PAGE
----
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Discussion Starter · #1 · (Edited)
so i was going to order two of those Dayton Sub-1200 subwoofers, but then i remembered i have this spare amplifier. Its marketed at 600 watts into 4 ohms x 2. not sure what high pass or the roll off is or if i would need any external eq protection for ported.

im thinking two small ported subs tuned to 18-20Hz

Budget is $200 for drivers & mdf

size needs to stay around 3-4 cft

i only have apple computers so i dont have any modeling software.

help much appreciated!!!!
 

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Re: New Posts All Forums:Forum Nav: help me build two subs around my spare Behringer EPQ1200 amp please!!

The Behringers don't usually have built in HPFs (aside from inuke DSPs) so you will need to add external ones for ported subs. I don't know of any bench test data for the EPQ amp, but it should be good for at least 400W continuous and probably dynamic up to the 600W range based on other Behringer bench tests.
 

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Re: New Posts All Forums:Forum Nav: help me build two subs around my spare Behringer EPQ1200 amp please!!

You could do a pair of Dayton DCS305 in a little under 4cuft tuned to 23Hz, that would do pretty well. You would need to add an HPF and you would have more than plenty amp power.
 

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Re: New Posts All Forums:Forum Nav: help me build two subs around my spare Behringer EPQ1200 amp please!!

what if we upped the budget a little to something like the RSS315HF and did a sono?

Stacy at PE seemed to think that would work good in about 5cft,. 14" long 4" port tuned to 18Hz but now im thinking that might be a little too tall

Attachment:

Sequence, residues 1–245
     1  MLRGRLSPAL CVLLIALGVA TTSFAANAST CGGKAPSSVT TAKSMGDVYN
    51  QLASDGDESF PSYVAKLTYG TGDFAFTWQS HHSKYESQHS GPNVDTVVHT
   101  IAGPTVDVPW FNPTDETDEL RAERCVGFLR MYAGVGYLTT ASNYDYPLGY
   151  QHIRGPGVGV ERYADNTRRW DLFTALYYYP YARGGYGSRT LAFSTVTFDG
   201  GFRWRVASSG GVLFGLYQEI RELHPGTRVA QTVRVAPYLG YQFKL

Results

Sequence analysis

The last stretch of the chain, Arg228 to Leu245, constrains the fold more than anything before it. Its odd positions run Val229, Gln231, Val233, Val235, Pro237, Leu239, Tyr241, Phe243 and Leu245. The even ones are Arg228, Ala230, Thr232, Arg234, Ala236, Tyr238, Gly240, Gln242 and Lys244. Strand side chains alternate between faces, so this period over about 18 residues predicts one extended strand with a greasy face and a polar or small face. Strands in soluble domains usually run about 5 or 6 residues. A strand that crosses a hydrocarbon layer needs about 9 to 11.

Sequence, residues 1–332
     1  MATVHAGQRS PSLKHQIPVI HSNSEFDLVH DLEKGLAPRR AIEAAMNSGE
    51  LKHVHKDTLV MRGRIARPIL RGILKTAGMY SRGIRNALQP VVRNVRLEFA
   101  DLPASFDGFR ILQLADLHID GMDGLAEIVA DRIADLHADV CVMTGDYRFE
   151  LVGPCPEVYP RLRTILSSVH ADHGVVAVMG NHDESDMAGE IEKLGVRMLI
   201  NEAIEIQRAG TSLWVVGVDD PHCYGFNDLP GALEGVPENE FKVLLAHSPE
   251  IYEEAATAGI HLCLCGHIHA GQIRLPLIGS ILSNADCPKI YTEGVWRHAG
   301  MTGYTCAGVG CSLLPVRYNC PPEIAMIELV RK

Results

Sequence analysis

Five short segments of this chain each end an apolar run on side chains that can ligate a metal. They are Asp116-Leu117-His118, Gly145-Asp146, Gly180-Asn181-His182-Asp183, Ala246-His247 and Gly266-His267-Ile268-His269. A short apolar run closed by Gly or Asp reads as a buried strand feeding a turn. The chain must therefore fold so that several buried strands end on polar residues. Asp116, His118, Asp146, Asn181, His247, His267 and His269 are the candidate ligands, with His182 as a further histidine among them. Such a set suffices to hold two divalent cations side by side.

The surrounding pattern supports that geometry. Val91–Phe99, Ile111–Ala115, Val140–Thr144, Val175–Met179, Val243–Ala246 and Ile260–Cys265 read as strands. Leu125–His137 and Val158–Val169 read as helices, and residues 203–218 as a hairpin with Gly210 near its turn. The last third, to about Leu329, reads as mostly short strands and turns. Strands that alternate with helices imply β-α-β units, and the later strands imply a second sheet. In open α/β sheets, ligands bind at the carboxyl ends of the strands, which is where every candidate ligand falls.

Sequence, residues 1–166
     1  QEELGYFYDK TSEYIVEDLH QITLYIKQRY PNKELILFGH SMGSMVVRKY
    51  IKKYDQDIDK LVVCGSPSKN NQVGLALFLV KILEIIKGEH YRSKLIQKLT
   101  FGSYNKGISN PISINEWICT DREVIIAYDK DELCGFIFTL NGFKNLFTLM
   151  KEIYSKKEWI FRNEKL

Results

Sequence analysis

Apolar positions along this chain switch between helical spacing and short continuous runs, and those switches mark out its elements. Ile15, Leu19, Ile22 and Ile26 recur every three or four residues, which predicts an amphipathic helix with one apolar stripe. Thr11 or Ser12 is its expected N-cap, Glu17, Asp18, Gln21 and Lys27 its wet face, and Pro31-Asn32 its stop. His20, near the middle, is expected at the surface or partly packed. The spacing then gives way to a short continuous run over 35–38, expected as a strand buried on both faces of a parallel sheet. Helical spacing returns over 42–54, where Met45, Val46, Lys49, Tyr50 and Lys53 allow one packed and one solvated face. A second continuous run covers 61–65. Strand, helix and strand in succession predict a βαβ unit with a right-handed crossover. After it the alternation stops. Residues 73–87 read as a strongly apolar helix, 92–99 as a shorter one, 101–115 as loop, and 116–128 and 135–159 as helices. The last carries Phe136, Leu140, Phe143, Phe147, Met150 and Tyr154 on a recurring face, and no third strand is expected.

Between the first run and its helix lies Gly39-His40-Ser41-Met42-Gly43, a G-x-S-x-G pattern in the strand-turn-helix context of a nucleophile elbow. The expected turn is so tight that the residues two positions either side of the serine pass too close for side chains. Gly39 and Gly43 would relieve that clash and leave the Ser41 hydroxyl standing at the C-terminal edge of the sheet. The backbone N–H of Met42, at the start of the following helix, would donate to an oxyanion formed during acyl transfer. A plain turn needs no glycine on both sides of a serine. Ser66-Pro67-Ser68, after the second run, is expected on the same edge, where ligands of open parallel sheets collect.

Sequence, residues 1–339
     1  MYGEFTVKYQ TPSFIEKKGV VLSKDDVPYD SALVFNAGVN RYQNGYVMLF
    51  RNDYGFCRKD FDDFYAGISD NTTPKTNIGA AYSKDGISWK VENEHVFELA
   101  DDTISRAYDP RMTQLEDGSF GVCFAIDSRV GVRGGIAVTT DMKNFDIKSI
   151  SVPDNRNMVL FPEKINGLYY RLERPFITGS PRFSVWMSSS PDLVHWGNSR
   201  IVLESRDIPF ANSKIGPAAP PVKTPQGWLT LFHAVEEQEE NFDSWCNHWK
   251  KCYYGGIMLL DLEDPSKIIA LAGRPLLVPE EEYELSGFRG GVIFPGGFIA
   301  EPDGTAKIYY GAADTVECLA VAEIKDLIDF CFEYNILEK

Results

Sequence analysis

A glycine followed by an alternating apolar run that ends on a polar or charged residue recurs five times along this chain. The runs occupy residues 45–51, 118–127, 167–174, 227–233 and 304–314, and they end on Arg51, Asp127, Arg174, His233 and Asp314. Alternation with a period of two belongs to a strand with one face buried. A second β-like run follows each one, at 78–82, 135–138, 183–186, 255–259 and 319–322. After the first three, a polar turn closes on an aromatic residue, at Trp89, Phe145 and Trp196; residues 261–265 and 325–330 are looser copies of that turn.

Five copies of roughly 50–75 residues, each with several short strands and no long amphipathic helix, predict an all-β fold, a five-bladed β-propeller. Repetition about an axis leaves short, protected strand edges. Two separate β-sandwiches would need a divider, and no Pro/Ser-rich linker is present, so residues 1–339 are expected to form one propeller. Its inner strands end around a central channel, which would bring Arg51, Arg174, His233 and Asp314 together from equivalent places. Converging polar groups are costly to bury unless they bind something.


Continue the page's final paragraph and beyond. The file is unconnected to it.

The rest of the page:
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Yeah the RSS315HF-4 looks good in 4cuft tuned to 20Hz, but the one 4"x14" port is a little small, two 3"x17" would be better. It would handle 250W with a 20Hz HPF which would get you another 2-3dB over the DCS305 as well as lower extension.
 

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Discussion Starter · #7 ·
im not going to have a high pass filter. i did email Behringer to find the roll off of the amp. They said they dont have the exact specs, but he believes it is 12db per octave.

what i need is a driver that can take 400 watts rms in a sono the size of a PC12-nsd. i really need to get at least one Windows machine so i can model these things. Work one wont let me install the programs!!
 

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If you sealed, the RSS315HF would do 3cuft with 200W. The 315HO wouldn't do so well sealed. I don't have info on the new TIT320D so I would need to model it.
 

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Discussion Starter · #10 ·
cant do sealed. too big of a room and no eq to boost down low. the HF page says it can take 400 watts rms 700 peak
 

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Those are thermal power ratings. You need to read up more on how subwoofers work, or duplicate someone else's design. I am happy to model and help you out but you need to do the proper research first so you know what to ask for.Your budget is the biggest limiting factor. Higher xmax subs like the Titanic are your best bet. In a large room a ported sub is the easiest way to go, but you CAN NOT safely run a high power, ported sub without an HPF. The 12" Titanic would be great in 3.8cuft tuned to 23Hz (like the DCS above), but it would still need the HPF.
 

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I would probably do the 12" Dayton Reference - HF version, which has been talked about in a number of the replies. 200 Watts would do fine in a ported enclosure, but sealed with that driver would need more power. As for your budget... I'm not sure how you are going to get the sub, shipping, MDF/Plywood, Ports, etc... for under $200. I would try and pick the driver you want to use that mates with your amp, then do up a parts list/budget... and whatever it ends up being (my guess is around $300), just save up for the materials and build it when you can do it the way you really want to. In the long run, I'm not sure if you'd be happy by cutting corners. I am not suggesting a change to a lavish "dream" budget, but rather taking your time, check Habitat For Humanity stores for MDF/Plywood/PVC, etc... maybe you can get some building materials there and hit your current budget. I just know that $200 is tight for all brand new supplies/driver, without sacrificing quality.
 
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